Information on the Sempervivum Hybrid Plant


Members of the plant genus sempervivum are also called houseleeks, liveforever or hen and chicks. They are colorful perennial succulents that grow rosettes or fat leaves that store water, enabling them to live in arid conditions. Numerous growers in Europe and North America have developed their own hybrid sempervivums, many of which have found their way on the commercial the market.


Sempervivums are native to a wide range of arid land ranging from northeastern Sahara Desert to the Caucasus area of the Middle East, roughly from Morocco to Iran.


Sempervivums are small succulents with short, thick succulent leaves arranged in a circle. Sempervivums have no stems. The main plant, the hen, sends out new leaves called rosettes, the chicks. Each chick will produce a star-shaped flower. These flowers are bell-shaped and have six petals. They come in off-shades of green, pink, red, purple, yellow and occasionally white. The plant dies after it flowers, leaving behind offsets that keep growing and reproducing themselves. Sempervivum are grown for their foliage, not their flowers. The standard foliage, green colored red toward the tip, stays green all winter and is brighter in full sunlight. Hybrids ordinarily produce different colors of foliage including black, blue, purple, red and other colors.

Understanding Hybrids

There are many sempervivum hybrids on the market. Simpervivums are often sold as houseleeks or hen and chicks in American garden-supply centers. When buying hybrids, look for a specific plant names. Plants are identified according to botanical classes. In descending order plant classes are kingdom, phylum, class, sub-class, order, family, genus and species. In Latin, semper means "forever." Vivum means "to live." The genus name Sempervivum means live forever. The number of reported sempervivum species varies from 40 to 65. Familiar species include common houseleek (S. tectorum), cobweb houseleek (S. arachoideum) and mountain houseleek (S. montanum). Hybrids are designated by an x between the specific names of their parents. For example, S. arachnoideum x calcareum designates a hybrid of the species arachnoideum and calcarum in the genus Sempervivum; S. dolomiticum x montanum designates a hybrid of the species dolomiticum and montanum. The growing behavior of different hybrids are usually the same.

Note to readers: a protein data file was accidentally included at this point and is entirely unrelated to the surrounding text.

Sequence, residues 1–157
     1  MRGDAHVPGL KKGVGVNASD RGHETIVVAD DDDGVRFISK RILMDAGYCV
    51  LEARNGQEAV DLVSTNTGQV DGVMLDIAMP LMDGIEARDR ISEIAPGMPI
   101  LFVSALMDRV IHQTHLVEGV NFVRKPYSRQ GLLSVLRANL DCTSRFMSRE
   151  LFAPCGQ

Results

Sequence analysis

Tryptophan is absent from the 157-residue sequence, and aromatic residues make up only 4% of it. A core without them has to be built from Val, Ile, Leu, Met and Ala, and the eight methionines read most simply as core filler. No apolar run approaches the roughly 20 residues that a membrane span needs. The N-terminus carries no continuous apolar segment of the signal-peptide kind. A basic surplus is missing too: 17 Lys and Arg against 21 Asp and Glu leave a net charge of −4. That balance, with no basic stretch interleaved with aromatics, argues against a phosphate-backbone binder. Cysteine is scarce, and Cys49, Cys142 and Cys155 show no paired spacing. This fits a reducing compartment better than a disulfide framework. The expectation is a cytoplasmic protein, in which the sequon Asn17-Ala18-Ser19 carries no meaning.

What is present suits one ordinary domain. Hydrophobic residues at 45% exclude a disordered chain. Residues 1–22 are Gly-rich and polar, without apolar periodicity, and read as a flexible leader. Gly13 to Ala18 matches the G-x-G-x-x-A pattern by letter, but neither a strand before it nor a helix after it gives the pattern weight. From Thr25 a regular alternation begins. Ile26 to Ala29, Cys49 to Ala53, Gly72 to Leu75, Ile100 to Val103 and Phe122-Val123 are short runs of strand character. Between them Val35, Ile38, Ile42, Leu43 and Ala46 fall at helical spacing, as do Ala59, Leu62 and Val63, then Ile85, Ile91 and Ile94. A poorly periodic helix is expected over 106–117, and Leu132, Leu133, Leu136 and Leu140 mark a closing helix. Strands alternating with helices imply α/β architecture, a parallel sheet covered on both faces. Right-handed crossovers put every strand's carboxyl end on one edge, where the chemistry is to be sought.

Sun and Soil

Sempervivums like sunlight. They can survive temperatures above 90 degrees and below -5 degrees. They will tolerate humidity when they are growing actively, but the soil should be dry between watering. The humidity should not be high during the winter. Sempervivums like sandy, well-drained soil. They should be watered only if their soil is totally dry. They should never be allowed to sit in standing water.


Sempervivum are best used to cover rockwork, bare, sandy wastes and dry banks. They are also grown in gardens, flanking sidewalks and lawns and as houseplants. The popular S. techtorum, usually sold as hen and chicks in the Unites States, is often grown on the roofs of houses in Europe. S. arachoideum is regarded by many as the most attractive sempervivum.

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About this Author

Richard Hoyt, the author of 26 mysteries, thrillers and other novels, is a former reporter for Honolulu dailies and writer for "Newsweek" magazine. He taught nonfiction writing and journalism at the university level for 10 years. He holds a Ph.D. in American studies.